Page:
Preserving Priority Landscapes
The beautiful and varied landscapes of Western Pennsylvania range from high plateaus and mountain ridges to vast forests and rich river valleys. These lands and waterways provide bountiful recreational opportunities and support local economies. They also sustain native plants, animals and ecosystems that, in some cases, are found nowhere else on earth. Using science and information as our guide, the Western Pennsylvania Conservancy has prioritized the landscapes that we seek to conserve in order to maximize the impact of our work.
WPC's Priority Land and Water Conservation Regions include:
The Ohio River and Lower Allegheny Rivers are integral to the social, cultural, and economic fabric of Western Pennsylvania. Much of our region’s identity is derived from the rivers that run through it. Beyond their important economic and recreational value, the Ohio River and its tributaries represent one of the most diverse freshwater ecosystems on earth. For this reason, the Ohio and Allegheny Rivers are high-priority conservation targets, beginning at their headwaters in Pennsylvania and across the Midwest.
The Upper Allegheny Region includes a mix of glaciated and unglaciated landscapes that support some of the most diverse, productive and scenic forests and rivers in the eastern United States. This region encompasses the watershed of the free-flowing section of the Allegheny River in northwestern Pennsylvania and southwestern New York. At the heart of the region is the 500,000-acre Allegheny National Forest, Pennsylvania’s only national forest. The Allegheny National Forest is the linchpin of the 7,600 square mile mosaic of wilderness, working forests, wetlands, and farmland that makes up the Upper Allegheny Region.
The Lake Erie Region encompasses Pennsylvania’s Lake Erie coastline and tributary watersheds. Besides providing recreational opportunities that are vital to the local economy, the region exhibits unique geologic features and rare plants, animals and aquatic life that make a significant contribution to the diversity of the overall Lake Erie ecosystem.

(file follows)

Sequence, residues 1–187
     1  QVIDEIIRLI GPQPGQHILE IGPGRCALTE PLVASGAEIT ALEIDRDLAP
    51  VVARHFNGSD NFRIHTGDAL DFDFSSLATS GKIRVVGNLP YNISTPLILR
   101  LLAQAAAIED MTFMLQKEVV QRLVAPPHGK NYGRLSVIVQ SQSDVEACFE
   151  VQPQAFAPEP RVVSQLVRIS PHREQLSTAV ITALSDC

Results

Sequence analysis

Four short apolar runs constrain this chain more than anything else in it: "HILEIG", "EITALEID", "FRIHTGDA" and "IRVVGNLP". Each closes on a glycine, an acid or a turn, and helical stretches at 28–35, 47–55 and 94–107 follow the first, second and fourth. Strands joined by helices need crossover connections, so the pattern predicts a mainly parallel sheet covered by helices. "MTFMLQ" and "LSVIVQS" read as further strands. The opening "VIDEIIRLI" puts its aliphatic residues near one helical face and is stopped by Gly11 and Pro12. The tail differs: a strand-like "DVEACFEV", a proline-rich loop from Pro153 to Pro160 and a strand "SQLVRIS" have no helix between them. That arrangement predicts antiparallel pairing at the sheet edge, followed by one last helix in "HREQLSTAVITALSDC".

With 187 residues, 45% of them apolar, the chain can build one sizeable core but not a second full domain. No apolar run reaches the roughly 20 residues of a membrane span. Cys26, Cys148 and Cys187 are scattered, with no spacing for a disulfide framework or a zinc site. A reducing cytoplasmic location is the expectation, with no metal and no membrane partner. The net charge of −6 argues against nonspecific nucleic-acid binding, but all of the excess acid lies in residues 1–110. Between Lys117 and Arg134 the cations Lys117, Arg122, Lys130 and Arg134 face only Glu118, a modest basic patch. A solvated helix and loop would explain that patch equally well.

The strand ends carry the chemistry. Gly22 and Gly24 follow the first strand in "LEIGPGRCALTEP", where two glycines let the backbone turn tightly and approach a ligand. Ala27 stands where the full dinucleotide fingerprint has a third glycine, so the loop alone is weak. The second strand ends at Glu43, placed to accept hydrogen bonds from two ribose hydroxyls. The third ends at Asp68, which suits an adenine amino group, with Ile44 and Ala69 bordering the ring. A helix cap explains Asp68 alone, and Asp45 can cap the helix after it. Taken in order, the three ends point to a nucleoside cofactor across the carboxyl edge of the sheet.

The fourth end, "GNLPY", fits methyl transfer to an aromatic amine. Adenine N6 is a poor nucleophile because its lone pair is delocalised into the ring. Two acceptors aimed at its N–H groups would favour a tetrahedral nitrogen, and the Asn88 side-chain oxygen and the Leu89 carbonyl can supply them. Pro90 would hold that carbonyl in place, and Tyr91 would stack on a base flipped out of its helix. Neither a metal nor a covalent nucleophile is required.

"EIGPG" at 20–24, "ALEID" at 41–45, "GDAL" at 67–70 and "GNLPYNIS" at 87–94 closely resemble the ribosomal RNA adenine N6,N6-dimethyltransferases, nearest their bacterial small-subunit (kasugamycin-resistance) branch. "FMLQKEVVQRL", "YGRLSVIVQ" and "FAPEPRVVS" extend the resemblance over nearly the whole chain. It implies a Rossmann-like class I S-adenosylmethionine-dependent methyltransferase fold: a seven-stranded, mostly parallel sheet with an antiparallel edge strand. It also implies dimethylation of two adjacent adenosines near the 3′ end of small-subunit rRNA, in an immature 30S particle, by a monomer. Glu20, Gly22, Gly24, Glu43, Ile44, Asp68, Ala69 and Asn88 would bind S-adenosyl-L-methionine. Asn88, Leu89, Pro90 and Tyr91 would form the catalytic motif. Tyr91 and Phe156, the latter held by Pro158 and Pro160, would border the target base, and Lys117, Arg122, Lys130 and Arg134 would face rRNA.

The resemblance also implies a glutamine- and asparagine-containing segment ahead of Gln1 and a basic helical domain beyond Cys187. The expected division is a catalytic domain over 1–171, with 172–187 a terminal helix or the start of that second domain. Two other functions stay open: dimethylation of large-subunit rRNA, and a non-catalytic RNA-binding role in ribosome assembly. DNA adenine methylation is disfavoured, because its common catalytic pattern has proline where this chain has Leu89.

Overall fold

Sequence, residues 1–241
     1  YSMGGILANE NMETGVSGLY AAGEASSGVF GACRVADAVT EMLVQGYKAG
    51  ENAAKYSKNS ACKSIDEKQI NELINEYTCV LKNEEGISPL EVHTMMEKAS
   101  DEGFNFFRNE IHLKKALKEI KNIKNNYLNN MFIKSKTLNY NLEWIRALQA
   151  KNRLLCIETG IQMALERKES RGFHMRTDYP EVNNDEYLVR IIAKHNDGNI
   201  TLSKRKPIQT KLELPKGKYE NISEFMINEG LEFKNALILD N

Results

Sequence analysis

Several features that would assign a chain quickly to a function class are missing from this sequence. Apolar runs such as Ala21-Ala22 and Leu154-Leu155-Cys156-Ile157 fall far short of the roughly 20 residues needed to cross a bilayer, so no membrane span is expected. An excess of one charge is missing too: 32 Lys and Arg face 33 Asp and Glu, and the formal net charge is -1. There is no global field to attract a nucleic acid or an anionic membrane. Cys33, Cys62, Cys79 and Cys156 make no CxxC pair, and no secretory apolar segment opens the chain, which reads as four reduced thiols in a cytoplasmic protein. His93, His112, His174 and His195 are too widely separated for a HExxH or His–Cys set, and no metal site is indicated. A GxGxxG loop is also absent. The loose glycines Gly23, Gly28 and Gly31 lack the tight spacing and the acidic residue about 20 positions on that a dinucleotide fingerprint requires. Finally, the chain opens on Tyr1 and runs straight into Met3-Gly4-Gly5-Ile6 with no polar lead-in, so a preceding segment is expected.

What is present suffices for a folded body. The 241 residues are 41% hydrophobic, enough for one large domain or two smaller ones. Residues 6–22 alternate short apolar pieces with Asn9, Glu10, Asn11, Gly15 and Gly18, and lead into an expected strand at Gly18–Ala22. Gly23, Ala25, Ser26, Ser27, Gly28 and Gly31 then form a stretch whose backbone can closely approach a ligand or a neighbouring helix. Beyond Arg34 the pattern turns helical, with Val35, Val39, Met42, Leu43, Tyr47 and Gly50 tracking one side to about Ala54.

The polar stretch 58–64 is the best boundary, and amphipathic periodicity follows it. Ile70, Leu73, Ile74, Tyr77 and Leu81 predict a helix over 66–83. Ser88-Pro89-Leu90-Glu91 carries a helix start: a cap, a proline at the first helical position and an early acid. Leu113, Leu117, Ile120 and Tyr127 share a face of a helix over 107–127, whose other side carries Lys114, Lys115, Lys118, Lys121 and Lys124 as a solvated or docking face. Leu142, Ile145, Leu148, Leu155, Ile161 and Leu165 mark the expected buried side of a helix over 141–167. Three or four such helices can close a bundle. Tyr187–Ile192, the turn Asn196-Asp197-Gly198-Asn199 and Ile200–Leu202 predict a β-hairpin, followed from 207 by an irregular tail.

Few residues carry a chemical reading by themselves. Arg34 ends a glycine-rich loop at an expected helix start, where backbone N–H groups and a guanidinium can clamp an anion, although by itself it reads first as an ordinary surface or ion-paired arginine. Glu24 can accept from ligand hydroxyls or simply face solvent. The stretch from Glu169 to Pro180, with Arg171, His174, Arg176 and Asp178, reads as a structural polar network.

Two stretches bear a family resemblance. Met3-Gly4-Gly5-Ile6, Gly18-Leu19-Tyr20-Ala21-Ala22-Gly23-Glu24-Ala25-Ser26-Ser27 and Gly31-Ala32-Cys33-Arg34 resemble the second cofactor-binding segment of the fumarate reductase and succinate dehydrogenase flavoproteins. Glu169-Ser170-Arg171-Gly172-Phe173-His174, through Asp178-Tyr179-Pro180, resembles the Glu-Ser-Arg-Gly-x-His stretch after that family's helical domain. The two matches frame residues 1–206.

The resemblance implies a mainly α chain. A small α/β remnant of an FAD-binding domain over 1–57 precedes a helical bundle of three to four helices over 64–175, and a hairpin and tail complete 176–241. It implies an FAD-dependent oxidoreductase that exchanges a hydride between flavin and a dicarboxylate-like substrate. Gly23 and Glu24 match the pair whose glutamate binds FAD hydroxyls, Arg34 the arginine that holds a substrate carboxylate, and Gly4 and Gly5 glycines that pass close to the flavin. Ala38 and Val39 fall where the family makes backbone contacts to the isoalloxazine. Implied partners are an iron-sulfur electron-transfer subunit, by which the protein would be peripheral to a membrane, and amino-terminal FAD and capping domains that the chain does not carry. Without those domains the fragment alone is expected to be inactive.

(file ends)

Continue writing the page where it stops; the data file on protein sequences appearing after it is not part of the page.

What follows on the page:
The Laurel Highlands are a special place in Pennsylvania. Part of the Allegheny Mountains, the Laurel Highlands stretch from the Conemaugh River south into Maryland. The Laurel Highlands are known for their diversity of plant and animal life, forested mountain ridges, pristine streams, recreational opportunities and scenic beauty. The significant variety of landscapes in the Laurel Highlands produces a high level of forest community diversity.
The Juniata and Potomac Region encompasses the Potomac River tributary watersheds of Pennsylvania, the Juniata River basin, and the Nittany Valley. It comprises a large section of Pennsylvania’s portion of the Chesapeake Bay Watershed. The region is characterized by long, forested mountain ridges running southwest to northeast interspersed with narrow valleys. Most of the human population in the region is concentrated in the valleys. Several of the valleys that sit on limestone bedrock support rich farmland.
Some of the largest expanses of forestland in the eastern United States are within the headwaters of the West Branch of the Susquehanna River, the largest tributary system of Susquehanna River. The region is characterized by vast, high plateaus cut by deep valleys. The West Branch Susquehanna Region contains approximately 1.7 million acres of public land, a factor that has helped to sustain the wild character of the region.